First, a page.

Research highlights to stresses and strains of building a business beyond start-up.

Growing pains.

Research from Barclaycard has found that almost six in ten (57 per cent) leaders of scale ups – defined as businesses with at least 10 employees and average annualised growth of 20 per cent or more in last three years – have experienced a moment of uncertainty when they were afraid their business would fail.

A host of challenges that come with scaling up were also revealed to be keeping the leaders of these businesses awake at night. The most pressing concern cited was maintaining employee wellbeing and satisfaction (referenced by 66 per cent), followed by finding and retaining talent (64 per cent), standing out from the competition (63 per cent) and maintaining customer service standards (63 per cent).

When tackling hurdles and building their business, more than a quarter (27 per cent) turn to their bank for advice and support; 22 per cent call on IT providers and an equal number to local business networks. Overall, the vast majority of growing companies (91 per cent) have looked to external partners to help scale their business. There remains, however, a clear gap in support with seven in ten (71 per cent) scale up business leaders calling for more help to be available to successful start ups ready to grow.

Surprisingly, 25 per cent of respondents, all of whom meet the criteria for a scale up business, don’t know or haven’t heard of the term ‘scale up’ – highlighting the need for greater discussion about the requirements of, and support available to, companies in this critical phase of the business lifecycle.

So how do business leaders know when they’re moving from start up to scale up? The top ten ‘milestone moments’ revealed by Barclaycard’s research are:


  1. Moving to bigger office or shop
  2. Experiencing a rapid increase in customers
  3. Launching a new website
  4. Developing a social media presence
  5. Investing in customer experience and not just products
  6. Starting to trade internationally
  7. Implementing a more reliable payments system as transaction volumes increase
  8. Working with a finance expert to look after the business accounts
  9. Hiring an HR consultant to recruit and retain the best talent
  10. Refreshing the look and feel of their brand, for example introducing a new logo


While scale up businesses face many common growing pains, they see themselves as the innovation engine of the UK. The majority (65 per cent) believe that they have the edge on bigger businesses in this area, due to more agile ways of working and a strong pool of talent. Almost four in ten (37 per cent) believe it’s easier for scale up businesses to ‘test and learn’, as there’s less red tape and bureaucracy required to implement new ideas, while 29 per cent think scale up businesses attract the most exciting and creative employees.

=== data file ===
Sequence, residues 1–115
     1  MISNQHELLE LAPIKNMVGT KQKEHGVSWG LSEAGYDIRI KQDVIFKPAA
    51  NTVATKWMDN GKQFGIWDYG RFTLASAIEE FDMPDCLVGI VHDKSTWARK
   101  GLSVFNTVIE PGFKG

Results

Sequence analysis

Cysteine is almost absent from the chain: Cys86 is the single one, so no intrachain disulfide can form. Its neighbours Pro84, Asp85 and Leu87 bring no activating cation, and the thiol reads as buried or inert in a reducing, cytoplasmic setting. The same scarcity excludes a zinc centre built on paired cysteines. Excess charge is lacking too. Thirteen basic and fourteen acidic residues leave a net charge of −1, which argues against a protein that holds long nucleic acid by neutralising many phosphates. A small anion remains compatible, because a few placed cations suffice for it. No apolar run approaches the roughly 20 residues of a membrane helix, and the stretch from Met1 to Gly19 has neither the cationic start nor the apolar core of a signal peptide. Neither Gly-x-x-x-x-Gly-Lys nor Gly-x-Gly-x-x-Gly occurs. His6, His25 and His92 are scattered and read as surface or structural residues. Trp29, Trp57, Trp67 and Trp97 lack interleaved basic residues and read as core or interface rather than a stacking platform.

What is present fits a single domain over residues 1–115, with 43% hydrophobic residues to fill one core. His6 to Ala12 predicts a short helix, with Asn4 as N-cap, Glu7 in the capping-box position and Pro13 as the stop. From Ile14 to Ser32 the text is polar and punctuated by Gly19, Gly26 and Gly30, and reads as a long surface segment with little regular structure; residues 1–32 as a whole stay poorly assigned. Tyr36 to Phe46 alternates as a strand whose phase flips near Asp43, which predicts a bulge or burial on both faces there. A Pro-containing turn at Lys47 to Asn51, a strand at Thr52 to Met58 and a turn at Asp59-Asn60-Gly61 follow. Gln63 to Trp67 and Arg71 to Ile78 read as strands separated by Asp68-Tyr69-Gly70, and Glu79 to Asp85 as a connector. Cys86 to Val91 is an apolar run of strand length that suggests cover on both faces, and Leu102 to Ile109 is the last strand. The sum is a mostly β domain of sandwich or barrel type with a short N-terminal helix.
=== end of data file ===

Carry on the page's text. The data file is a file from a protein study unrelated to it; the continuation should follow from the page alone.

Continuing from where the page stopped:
While scale ups view themselves as best-placed to innovate, doing so requires funding. More than three-quarters (77 per cent) agree that a scale up business needs to ‘invest to grow’, with, on average, 29 per cent identified as the proportion of turnover that needs to be invested annually to secure progress.

Konrad Kelling, Managing Director, Barclaycard Payment Solutions, said: “Reaching the scale up phase is an exciting moment for any business – but as our research shows, it brings new challenges as well as opportunities.

“Whether they’re looking to trade internationally, launch a new product line or update their payment technology to meet customer demand, in today’s uncertain economic environment, growing businesses should lean on their partners for advice and support. If scale ups can access the help they need to overcome the pain points of growth, they will be much better positioned to build a successful business both in the short and long-term.”

“As an entrepreneur who has scaled up and mentors scaling businesses, I identify with the growing pains revealed in Barclaycard’s research,” commented Bianca Miller-Cole, entrepreneur and author. “Getting the support you need in the early stages is vital for making your business a success, even if it’s just recognising the moment when you’re no longer a start up.

“My advice to any scaling business is not to be afraid to ask questions and always approach growth as a chance to innovate,” says Miller-Cole. “This does not just refer to your product; your website, social media presence, events, and store layout are all areas where you can test out new approaches. Ultimately, from my experience, scaling is growth for the greater good – but inevitably there will be challenges along the way.”

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